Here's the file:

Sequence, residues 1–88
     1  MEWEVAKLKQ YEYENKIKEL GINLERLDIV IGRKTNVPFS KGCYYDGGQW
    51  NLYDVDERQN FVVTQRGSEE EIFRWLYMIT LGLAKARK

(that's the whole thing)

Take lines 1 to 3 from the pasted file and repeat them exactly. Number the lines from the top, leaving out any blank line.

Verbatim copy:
Sequence, residues 1–88
     1  MEWEVAKLKQ YEYENKIKEL GINLERLDIV IGRKTNVPFS KGCYYDGGQW
    51  NLYDVDERQN FVVTQRGSEE EIFRWLYMIT LGLAKARK